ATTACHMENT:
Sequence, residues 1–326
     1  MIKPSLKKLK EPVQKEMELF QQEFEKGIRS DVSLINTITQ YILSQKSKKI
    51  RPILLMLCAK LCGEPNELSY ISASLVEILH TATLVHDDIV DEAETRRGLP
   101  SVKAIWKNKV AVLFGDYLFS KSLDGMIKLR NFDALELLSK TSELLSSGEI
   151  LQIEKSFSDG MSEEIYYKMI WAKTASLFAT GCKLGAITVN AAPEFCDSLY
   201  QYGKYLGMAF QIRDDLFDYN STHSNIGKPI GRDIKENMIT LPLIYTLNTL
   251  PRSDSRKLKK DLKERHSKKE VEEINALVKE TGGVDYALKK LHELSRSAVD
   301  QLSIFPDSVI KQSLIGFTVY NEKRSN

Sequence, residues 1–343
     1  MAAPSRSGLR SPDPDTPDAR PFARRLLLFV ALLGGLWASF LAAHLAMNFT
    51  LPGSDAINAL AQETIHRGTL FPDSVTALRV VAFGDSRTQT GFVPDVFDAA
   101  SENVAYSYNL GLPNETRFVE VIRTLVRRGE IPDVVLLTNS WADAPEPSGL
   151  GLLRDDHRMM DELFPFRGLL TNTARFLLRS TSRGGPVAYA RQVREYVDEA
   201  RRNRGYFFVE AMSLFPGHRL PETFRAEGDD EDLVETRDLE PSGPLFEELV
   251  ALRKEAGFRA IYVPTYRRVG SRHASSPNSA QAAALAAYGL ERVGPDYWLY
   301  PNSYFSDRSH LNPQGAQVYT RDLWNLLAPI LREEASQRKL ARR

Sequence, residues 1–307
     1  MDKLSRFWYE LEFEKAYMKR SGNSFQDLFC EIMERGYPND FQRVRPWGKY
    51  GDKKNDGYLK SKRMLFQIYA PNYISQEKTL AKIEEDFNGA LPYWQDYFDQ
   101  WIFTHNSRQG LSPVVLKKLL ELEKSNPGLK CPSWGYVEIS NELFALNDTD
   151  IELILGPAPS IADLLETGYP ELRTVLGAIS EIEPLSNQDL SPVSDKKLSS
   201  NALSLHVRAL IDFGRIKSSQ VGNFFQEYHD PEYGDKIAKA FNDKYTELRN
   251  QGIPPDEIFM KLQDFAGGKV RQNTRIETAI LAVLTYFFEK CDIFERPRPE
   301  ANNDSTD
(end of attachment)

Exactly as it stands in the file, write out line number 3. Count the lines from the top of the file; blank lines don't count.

    51  RPILLMLCAK LCGEPNELSY ISASLVEILH TATLVHDDIV DEAETRRGLP